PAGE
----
Since the obligation to release security arises when that security has been discharged, it is important, and in fact necessary, to know exactly when and under what conditions discharge occurs.  When a renewal note is given by a borrower under a loan contract it may be given in various ways; e.g., in payment of the old note representing the obligation under the loan contract, as security for it, or as conditional payment of it with or without the old note as security.  In the latter cases it is obvious that the original debt remains as does the old note, albeit in the background in some instances, and there is no question of the mortgage's operative effect as security for the debt.  When the renewal note is given and accepted as payment of the old note, usually evidenced by marking the note as paid or cancelled and surrendering it to the borrower, the mortgage is still operative for it secures the obligation evidenced by the old note and that obligation remains, although in a different form.

            "The substitution and taking of a new note for one secured by mortgage do not extinguish the debt evidenced by the latter so as to discharge the mortgage, unless such was the intention of the parties, shown by something besides what arises from the mere act of substitution.  The reason is that the mortgage secures the debt, not merely the evidence of it, and as a change in the evidence does not pay the debt, the lien of the mortgage is not thereby affected. . . ." 10 Am.Jur. Chattel Mortgages, § 228, p. 865.

            Our supreme court has stated:

            ". . . The fact that the original $3,000 note has been renewed does not change the character of the debt.  The rule is that a change in the form of a debt does not affect the security. . . ."Lincoln County State Bank v. Martin, 112 Wash. 186, 190, 191 Pac. 815 (1920).

             [[Orig. Op. Page 5]]

            Of course, the parties may agree that a renewal note taken as payment will have the effect of discharging the mortgage, but in the absence of such an agreement the mortgage is still operative.  Tahoma Finance Co. v. Shannon, 138 Wash. 90, 244 Pac. 271 (1926); National Bank v. Jose, 10 Wash. 185, 38 Pac. 1026 (1894);Dove v. Cowlitz Valley Bank, 191 Wash. 429, 71 P. (2d) 555 (1937); Annotation:  Renewal note as discharging original obligation or indebtedness, 52 A.L.R. 1416.

            In the instances where the new note given in payment for the old represents both the unpaid balance of the original obligation and a new loan, the mortgage will be operative only with respect to that part of the total amount which represents the old obligation unless the mortgage contains a "future advance" clause.  Such a mortgage is frequently referred to as an "open-end" mortgage.

            The taking of a new mortgage as security for the renewal note or a note which embraces both a renewal of the original obligation and a future advance (falling within or without a future advance clause in the old mortgage) is not a substitute for an agreement that the new note and mortgage will operate as a discharge of the old obligation and its security.

            "The mere taking of a new note and mortgage for the same debt and covering the same property does not discharge or displace the lien of an existing mortgage unless such was the intention of the parties. . . ."  10 Am.Jur. Chattel Mortgages, § 229, p. 866.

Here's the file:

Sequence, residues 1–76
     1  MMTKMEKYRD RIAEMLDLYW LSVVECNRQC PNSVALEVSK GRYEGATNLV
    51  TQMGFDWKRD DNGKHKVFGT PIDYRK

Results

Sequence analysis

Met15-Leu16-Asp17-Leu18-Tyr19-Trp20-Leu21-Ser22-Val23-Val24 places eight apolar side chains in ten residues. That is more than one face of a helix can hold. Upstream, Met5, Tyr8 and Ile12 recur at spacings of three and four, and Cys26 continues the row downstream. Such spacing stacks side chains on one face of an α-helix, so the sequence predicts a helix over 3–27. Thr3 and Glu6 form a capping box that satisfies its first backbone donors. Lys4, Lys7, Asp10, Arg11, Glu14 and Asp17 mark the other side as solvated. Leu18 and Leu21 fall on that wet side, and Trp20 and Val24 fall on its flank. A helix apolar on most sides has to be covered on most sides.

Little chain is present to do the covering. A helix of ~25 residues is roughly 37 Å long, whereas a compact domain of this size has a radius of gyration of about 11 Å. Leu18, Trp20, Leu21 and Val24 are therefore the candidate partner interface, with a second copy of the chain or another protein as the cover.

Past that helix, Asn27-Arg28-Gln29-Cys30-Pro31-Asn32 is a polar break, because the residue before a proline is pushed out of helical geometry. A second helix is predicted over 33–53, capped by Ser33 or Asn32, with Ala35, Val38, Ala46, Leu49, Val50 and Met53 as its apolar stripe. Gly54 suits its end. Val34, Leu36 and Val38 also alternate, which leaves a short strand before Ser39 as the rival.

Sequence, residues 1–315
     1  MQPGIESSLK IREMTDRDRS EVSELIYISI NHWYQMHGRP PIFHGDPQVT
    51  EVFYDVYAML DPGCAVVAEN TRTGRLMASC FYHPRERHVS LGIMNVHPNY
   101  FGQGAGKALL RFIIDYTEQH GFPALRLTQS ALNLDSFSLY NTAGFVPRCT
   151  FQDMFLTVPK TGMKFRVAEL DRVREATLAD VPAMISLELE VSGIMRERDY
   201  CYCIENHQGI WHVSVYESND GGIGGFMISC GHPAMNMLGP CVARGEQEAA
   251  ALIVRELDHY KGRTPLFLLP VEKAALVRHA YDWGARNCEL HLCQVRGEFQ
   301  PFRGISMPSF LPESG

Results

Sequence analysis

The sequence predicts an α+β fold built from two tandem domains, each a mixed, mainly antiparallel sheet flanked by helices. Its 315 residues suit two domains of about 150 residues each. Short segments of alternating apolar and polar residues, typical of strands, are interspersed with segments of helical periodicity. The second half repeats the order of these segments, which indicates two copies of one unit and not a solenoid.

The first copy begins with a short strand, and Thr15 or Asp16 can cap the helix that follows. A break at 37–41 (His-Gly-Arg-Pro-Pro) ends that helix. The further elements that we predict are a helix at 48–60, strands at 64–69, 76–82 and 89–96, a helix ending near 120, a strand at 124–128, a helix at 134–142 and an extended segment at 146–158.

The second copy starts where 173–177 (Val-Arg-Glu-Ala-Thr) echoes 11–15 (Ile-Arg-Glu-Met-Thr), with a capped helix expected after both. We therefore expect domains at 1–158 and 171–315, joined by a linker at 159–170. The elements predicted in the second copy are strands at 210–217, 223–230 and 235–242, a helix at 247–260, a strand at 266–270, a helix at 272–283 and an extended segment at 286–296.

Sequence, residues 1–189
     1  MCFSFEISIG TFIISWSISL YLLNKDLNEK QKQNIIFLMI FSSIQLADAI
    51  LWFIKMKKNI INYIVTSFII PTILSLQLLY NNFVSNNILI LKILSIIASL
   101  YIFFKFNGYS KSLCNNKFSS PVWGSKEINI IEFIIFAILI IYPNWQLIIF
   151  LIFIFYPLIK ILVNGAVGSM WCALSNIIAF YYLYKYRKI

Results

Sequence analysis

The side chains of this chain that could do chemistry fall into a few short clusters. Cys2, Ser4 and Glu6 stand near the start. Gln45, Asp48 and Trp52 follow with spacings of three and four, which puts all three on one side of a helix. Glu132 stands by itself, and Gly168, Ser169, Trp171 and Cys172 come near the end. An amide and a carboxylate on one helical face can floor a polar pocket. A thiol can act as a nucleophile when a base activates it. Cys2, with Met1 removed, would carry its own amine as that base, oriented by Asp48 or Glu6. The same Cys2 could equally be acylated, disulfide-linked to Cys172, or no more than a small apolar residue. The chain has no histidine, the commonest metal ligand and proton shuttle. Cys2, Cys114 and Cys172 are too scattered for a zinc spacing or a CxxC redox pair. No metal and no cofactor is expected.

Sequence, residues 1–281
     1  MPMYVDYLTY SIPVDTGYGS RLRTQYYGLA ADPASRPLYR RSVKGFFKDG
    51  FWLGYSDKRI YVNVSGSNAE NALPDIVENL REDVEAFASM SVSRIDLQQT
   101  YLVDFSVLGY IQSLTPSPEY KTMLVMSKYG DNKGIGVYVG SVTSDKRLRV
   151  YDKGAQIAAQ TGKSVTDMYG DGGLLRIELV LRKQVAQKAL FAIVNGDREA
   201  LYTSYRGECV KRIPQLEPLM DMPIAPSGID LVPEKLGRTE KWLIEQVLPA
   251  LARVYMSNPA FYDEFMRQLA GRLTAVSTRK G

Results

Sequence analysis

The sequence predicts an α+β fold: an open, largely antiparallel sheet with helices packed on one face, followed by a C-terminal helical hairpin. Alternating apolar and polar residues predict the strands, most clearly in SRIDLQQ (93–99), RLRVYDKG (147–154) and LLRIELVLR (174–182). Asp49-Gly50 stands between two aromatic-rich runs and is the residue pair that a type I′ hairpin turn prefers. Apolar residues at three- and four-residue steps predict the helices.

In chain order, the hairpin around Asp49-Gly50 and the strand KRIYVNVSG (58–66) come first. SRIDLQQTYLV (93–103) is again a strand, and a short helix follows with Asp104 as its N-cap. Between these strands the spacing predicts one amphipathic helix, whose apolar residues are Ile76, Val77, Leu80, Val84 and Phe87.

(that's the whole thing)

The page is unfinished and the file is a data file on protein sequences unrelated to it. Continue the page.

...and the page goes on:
With respect to third persons' claims the new mortgage may well stand in an inferior position of that of the original security.  The mortgagee should not be deprived of the superior status of his original security without his voluntary agreement.  Such a situation arose inMutual Reserve Association v. Zeran, 152 Wash. 342, 277 Pac. 984 (1929), wherein it was unsuccessfully contended that the plaintiff's trust deed (equivalent to a mortgage for the purposes of this opinion) covering a sixty-two thousand five hundred dollar obligation was discharged by taking a new bond and trust deed for the increased sixty-five thousand dollar obligation.  The court found no clear intention to affect a discharge of the original trust deed.  Such a clear intention is a necessary requirement, because dire results, avoided inBormann v. Hatfield, 96 Wash. 270, 164 Pac. 921 (1917), on the purely equitable ground of misrepresentation, may follow the premature discharge of original security.  See, Annotation:  Discharge of mortgage and taking back of new mortgage as affecting lien intervening between old and new mortgages, 33 A.L.R. 149, supplemented by 98 A.L.R. 843.  Elsewhere it is stated that:

             [[Orig. Op. Page 6]]

            "Where the new transaction involves the payment and satisfaction of the first mortgage, the mortgagee's rights are dominated by intervening liens of third persons acquired subsequently to the execution of the first and prior to the execution of the second mortgage.  Thus, where the intention of the parties is to cancel the original note and mortgage and to substitute a new note secured by a new mortgage on different property, the original mortgage becomes functus officio. . . ." 10 Am.Jur. Chattel Mortgages, § 229, p. 866.

            It should be noted that if a contrary interpretation were placed on the licensee's duty to release security, he would be forced to subordinate his position to intervening creditors' claims under pain of rendering the entire obligation unenforceable by reason of the penal provisions of RCW 31.08.210.  Such a harsh and unjust result cannot be attributed to the same legislature which has expressly approved the licensee's utilization of security transactions for his protection.

            In conclusion, it is our opinion, as previously stated, that a small loan act licensee is under no duty to release a chattel mortgage until and unless the obligation or obligations thereby secured are discharged or he has voluntarily agreed to release his security.  This result is fully in agreement and consistent with the statutory duty of all chattel mortgagees to satisfy and release mortgages of record.  RCW 61.16.040;Stusser v. Gottstein, 178 Wash. 360, 35 P. (2d) 5, (1934).

            We trust that the foregoing will be of assistance to you.

Very truly yours,

Attorney General

Assistant Attorney General